What makes the underwriting process even more challenging is that to date it’s been largely manual. While plenty of insurtech companies have artificial intelligence tools that can successfully process some standard forms, commercial underwriting for the most part follows no such standardized format.
“There’s still a lot of manual work to be done,” Weiss said. The underwriting submission intake process, for example, “is really 99% email and maybe a little bit of texting to follow up on specific questions.”
Documents come in PDF, Word or, for documents such as statement of values (SOVs), Excel formats. While underwriters can manipulate Excel spreadsheets easily enough, “if it’s a PDF and it’s 1000 lines long, it’s going to be a total bear to work with.”
For such documents, underwriting assistants must read them, manually take out relevant data and enter it into the underwriting system. Once that’s done – a process that likely takes hours – the data goes to catastrophe and aggregation modeling systems, then back to the underwriter. Only then is the data entered into the rating engine, which looks at the variables involved and delivers a quote.
I asked Weiss if he could apply AI to address one chunk of that process, and which one would deliver the biggest bang for the buck.
“If a system could take three or four different formats – PDF, Excel, Word, maybe some pictures – and digest the documents and put that information into the underwriting system, thereby eliminating that first step,” he said. In that scenario, brokers could send documents to a specific email address, which would kick off an automated underwriting intake process that would put all the data in the right places. “You’d end up with a submission that’s been input without any hands having to touch it. And it’s all unstructured data. That’s a challenge.”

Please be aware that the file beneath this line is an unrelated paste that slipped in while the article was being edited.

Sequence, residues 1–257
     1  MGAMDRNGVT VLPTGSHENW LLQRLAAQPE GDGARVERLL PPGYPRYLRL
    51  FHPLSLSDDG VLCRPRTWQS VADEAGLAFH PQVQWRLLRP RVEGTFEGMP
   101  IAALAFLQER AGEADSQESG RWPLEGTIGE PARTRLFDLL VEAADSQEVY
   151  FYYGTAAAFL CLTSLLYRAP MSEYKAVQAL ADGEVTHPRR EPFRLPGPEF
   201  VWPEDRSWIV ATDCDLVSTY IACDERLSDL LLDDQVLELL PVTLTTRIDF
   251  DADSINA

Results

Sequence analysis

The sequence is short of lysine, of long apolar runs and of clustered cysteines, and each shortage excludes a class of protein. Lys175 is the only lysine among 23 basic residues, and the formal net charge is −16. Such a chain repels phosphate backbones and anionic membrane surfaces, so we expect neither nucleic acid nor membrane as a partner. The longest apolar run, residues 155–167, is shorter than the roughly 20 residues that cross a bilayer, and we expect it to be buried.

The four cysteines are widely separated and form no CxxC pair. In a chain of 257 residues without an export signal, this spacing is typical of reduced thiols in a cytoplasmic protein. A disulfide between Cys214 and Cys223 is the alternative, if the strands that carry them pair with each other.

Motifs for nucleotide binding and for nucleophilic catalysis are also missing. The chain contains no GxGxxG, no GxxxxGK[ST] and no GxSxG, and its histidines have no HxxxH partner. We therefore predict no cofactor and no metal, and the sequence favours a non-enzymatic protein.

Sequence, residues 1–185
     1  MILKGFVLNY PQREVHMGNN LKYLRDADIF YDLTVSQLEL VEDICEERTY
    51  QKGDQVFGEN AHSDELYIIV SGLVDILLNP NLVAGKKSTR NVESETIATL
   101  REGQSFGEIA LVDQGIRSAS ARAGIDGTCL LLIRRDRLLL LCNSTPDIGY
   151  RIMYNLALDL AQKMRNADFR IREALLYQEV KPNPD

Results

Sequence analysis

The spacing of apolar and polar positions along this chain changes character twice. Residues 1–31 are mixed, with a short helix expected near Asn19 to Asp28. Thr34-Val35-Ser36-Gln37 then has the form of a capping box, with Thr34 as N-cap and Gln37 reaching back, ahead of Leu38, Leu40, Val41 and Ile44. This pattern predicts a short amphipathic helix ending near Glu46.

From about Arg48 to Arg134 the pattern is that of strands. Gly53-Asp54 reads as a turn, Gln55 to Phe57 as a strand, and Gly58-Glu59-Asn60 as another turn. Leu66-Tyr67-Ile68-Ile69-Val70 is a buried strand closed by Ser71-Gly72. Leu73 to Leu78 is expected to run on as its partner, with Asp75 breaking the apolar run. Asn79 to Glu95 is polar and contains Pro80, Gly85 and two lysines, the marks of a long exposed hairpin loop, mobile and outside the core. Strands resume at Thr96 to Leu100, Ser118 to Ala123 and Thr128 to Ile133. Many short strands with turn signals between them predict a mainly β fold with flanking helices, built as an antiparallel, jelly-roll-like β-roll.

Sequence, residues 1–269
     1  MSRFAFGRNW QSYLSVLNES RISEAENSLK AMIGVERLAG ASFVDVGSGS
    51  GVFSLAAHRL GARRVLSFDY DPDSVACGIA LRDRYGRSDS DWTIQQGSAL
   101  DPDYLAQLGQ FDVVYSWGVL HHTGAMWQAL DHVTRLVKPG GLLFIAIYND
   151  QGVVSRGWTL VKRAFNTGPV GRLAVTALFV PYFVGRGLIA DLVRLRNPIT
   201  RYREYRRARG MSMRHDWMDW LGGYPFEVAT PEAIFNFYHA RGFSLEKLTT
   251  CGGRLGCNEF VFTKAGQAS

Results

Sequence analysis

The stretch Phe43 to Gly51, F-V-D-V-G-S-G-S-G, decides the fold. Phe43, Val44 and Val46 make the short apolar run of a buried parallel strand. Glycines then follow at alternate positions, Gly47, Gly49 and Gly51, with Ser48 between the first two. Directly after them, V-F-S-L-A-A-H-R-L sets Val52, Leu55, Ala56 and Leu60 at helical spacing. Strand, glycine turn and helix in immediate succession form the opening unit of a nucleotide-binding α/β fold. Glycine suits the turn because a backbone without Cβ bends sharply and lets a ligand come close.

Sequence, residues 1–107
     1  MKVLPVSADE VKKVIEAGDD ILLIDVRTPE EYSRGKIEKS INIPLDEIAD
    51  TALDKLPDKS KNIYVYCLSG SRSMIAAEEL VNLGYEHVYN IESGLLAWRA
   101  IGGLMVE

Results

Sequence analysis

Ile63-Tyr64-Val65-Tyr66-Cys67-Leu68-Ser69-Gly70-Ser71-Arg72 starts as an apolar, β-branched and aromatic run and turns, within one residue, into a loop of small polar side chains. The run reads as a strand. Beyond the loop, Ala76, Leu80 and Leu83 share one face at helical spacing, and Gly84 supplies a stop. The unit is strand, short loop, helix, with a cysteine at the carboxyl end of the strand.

Intelligent intake for underwriting data
Without knowing it, Weiss pretty much described exactly what the Indico Data intelligent intake solution does. So I asked him, would you trust such a process to be truly automated, with no human involvement?
His answer: yes, so long as you can verify the data is accurate. It may be as simple as having two screens, one showing the original document and another showing the data that’s been pulled from it. Then the underwriter could just look for any anomalies.
Or, more accurately, the underwriting assistant could perform that check, “because they’re the ones who do the data entry anyway,” he pointed out. “Maybe we’ve just saved four or five hours.”
If the system can also recognize various documents typically involved in the underwriting process, such a schedule of values for a particular cargo program, specific warehouses, and such, that can likewise save valuable time, he said.
Here again, we’re in sync, because the Indico Data solution does indeed allow for data verification and can recognize various types of documents.
His ultimate vision likewise aligns quite well with Indico Data’s.
“Eventually you’re going to be able to throw in 50 emails and boom, you’ll be able to spit out a quote within an hour,” Weiss said. “That’s down the road but I think it’s achievable.”
So do I.
For a deeper dive into my conversation with Steven Weiss, read the full transcript of the podcast here.